So, today, 31 October, and with glasses to correct a slight myopia with which I have been left, today I took off for the Laguna Dulce at Campillos and then on to Fuente de Piedra, just to get out.
The laguna Dulce has much less water than when I last saw it, hardly surprising after this incredibly long, hot autumn and the high levels of evaporation, and the effect on the birds has been very negative. There were only 4 Red-crested Pochards, a few Shovelers, Mallard and Gadwall, plus a some 150 Coots and a single Black-necked Grebe. The best was a distant view of my first 4 Cranes of the autumn. Hardly earthshaking, so it was on to Fuente de Piedra.
The first good news is that after what has seemed to be an interminable wait the observation point at Las Latas, at the south end of the lake from where one can look down the length, is now operative. There is a parking area. then through a gate (please close the latch when leaving). The view, when there is water in the lake and it is full of birds, will be stupendous, but today there was little water and not a lot to see.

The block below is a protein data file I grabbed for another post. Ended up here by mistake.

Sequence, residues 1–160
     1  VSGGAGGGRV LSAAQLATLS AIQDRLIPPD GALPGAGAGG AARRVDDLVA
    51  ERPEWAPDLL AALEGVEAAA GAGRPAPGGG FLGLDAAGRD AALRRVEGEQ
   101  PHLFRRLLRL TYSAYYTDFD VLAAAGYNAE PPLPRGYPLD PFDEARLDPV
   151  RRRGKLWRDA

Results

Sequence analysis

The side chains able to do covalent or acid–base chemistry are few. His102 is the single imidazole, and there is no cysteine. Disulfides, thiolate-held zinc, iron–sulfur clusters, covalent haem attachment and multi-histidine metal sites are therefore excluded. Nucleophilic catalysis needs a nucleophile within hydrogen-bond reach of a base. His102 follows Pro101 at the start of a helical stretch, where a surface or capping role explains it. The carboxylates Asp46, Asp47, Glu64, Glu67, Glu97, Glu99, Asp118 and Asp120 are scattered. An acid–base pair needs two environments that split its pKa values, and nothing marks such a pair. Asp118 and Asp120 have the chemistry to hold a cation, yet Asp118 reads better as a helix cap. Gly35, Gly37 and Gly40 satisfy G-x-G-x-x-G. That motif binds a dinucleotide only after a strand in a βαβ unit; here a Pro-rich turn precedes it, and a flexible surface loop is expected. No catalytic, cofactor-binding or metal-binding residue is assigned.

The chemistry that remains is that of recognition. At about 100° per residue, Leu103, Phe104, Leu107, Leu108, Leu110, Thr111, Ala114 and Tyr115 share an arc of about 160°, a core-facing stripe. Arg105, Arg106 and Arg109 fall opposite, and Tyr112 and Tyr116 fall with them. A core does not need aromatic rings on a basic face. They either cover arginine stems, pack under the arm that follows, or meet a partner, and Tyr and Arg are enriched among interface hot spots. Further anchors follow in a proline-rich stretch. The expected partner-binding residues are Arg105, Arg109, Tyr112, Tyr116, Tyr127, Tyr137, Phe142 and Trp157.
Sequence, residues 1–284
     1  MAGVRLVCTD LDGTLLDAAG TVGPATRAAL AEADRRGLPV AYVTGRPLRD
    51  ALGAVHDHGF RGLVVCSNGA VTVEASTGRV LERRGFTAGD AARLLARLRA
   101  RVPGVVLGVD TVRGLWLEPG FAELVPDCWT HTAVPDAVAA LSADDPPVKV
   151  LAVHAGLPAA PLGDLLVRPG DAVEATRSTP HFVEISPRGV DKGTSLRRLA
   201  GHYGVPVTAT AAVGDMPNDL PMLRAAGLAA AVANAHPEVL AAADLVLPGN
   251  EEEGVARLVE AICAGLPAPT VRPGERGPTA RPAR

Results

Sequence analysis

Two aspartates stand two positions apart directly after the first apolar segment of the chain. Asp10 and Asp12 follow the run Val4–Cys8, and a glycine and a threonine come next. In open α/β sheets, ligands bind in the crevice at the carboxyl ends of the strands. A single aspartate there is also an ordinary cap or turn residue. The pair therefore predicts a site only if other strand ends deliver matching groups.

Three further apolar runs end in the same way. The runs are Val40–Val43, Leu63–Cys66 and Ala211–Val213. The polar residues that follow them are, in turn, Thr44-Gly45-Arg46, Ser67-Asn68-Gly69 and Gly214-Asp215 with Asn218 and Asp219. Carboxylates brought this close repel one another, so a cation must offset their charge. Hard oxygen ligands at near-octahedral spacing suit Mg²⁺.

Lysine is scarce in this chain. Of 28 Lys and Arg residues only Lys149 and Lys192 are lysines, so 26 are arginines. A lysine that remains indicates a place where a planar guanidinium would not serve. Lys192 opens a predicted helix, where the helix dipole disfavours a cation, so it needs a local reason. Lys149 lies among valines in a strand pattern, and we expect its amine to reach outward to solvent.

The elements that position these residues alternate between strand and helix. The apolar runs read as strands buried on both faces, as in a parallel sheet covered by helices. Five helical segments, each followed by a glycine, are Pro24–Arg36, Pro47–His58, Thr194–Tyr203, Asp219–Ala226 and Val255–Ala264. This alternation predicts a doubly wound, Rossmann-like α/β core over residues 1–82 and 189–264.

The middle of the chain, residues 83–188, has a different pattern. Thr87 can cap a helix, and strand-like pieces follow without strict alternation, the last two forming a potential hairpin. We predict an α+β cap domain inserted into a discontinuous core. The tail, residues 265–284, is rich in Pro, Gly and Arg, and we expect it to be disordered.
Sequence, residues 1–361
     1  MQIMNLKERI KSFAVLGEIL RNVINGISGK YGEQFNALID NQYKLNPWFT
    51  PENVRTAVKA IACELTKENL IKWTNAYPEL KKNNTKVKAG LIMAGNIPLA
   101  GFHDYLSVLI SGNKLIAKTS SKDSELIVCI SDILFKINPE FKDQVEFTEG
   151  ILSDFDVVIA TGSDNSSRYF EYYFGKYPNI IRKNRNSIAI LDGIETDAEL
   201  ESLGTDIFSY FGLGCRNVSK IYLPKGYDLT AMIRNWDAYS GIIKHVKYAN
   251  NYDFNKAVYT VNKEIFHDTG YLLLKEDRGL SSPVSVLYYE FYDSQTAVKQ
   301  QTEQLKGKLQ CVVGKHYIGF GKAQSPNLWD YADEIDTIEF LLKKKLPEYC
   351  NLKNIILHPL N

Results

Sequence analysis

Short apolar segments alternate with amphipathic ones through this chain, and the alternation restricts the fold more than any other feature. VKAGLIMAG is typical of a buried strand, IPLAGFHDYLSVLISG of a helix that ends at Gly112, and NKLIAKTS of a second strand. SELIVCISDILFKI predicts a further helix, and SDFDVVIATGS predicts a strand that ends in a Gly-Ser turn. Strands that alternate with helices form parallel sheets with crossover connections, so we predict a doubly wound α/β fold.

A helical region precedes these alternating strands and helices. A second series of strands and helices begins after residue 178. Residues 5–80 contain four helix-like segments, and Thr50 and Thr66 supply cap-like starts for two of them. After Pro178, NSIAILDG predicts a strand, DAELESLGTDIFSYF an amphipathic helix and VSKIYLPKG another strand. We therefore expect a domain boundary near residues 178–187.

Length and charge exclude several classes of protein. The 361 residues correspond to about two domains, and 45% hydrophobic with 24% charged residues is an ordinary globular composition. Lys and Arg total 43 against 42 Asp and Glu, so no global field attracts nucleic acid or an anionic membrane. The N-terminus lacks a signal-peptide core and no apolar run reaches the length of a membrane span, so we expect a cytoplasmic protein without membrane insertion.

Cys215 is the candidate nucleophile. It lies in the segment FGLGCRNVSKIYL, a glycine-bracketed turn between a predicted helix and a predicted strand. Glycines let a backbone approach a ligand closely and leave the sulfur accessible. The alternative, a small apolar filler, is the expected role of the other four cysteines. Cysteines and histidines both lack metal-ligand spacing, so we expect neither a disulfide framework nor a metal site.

|Las Latas observatory|
|view from Las Latas observatory|
He also told me that this year they had again had one of their oldest birds, a female born in the Camargue in 1977, which makes her 37 years old, back in the colony although they weren't sure if she had bred or not, although she did so last year. There was also a single Ruff and a few Black.winged Stilts, but most of the time we spent talking about future plans for Fuente de Piedra and, especially, for the Guadalhorce, all of which will be revealed in the fullness of time if all goes well but it sounds good, believe me.
So, I'm back in action and now for a few long distance shots of the Lesser which weren't helpoed by the heat haze. Heat haze on 31 October?